Given all the talk these days about relationship marketing, B-to-B auctions, and eWebs of all sorts, one might get the impression business relationships are changing in a fundamental way. This view, however, is likely to be misguided. This is because it is based on the idea that the Internet will do away with all social aspects of business relationships.
One central idea throughout current discussions is the challenge of building close relationships with customers. While this is a reasonable goal, it begs the question as to whether all business customers want a close relationship.
Here we will try to examine the conditions under which a customer might want such a relationship. More importantly, a good understanding of this will help you to appreciate when the efforts of building a close relationship are not warranted (just think how much time you can save if you stop trying to build close relationships with a customesr who don't want one!).
DEPENDENCE IS THE KEY
Academics in marketing and sociology have, based on several years of close observation, pointed out the importance of "dependence" in understanding close relationships.
In short, business customers want a close relationship with a seller when they are buying something that makes them dependent on the seller. If you think about it, this makes perfect sense.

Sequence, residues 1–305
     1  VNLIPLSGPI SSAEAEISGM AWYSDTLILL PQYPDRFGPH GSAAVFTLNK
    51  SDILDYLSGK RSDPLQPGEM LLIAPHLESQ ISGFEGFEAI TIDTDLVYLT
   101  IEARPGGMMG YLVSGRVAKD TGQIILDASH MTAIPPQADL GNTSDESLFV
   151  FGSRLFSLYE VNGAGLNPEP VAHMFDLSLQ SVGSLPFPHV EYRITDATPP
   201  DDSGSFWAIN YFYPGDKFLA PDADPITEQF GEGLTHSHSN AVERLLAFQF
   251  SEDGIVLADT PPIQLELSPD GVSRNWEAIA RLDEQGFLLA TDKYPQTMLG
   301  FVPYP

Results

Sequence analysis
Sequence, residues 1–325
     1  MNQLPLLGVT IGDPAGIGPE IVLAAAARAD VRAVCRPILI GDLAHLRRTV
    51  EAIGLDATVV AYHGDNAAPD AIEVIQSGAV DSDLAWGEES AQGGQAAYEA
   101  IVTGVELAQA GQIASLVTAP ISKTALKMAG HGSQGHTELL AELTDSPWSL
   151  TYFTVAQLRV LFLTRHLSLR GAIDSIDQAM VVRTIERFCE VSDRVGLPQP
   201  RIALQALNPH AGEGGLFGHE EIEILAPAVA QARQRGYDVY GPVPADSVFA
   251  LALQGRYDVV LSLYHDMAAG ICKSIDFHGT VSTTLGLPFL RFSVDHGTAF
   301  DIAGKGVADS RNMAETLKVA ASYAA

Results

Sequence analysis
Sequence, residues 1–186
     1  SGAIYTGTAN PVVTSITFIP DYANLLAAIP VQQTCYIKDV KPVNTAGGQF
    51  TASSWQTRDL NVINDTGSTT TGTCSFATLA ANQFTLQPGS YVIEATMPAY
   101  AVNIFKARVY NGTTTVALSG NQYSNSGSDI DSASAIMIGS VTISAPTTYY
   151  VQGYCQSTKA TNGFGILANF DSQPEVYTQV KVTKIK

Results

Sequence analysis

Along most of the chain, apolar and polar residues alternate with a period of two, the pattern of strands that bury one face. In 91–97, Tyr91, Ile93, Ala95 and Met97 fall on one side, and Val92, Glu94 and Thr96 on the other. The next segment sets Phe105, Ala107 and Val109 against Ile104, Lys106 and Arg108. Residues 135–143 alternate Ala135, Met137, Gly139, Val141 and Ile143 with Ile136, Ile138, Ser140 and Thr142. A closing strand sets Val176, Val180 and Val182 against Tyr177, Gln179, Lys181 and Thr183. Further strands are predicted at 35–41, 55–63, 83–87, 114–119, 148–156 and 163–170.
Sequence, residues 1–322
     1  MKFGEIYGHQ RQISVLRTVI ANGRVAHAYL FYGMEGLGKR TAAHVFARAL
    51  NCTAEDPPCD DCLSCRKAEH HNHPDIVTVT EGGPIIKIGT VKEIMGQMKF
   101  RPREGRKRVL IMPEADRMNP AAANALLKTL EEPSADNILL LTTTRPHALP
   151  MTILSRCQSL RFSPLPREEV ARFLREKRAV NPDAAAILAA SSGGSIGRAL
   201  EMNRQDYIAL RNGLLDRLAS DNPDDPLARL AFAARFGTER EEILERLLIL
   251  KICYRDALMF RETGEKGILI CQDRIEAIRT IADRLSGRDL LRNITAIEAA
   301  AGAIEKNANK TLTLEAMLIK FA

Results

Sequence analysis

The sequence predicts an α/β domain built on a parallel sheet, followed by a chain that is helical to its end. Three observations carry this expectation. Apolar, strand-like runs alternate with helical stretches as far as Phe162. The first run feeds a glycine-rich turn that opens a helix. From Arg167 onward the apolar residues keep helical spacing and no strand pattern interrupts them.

When a customer is dependent on a seller, they need a close relationship. For example, imagine the customer is putting their entire Internet business in the hands of a Internet consulting company. The customer is now dependent on the consulting company. Can you see how the customer might now want a close relationship? Won't they need the consulting company to be their in case anything happens?
We've written about this in some previous articles (Is CRM really about Relationships? and Customer Loyalty is Underwater), but we never really mentioned what makes a customer dependent. So, here we will try to fill out the story.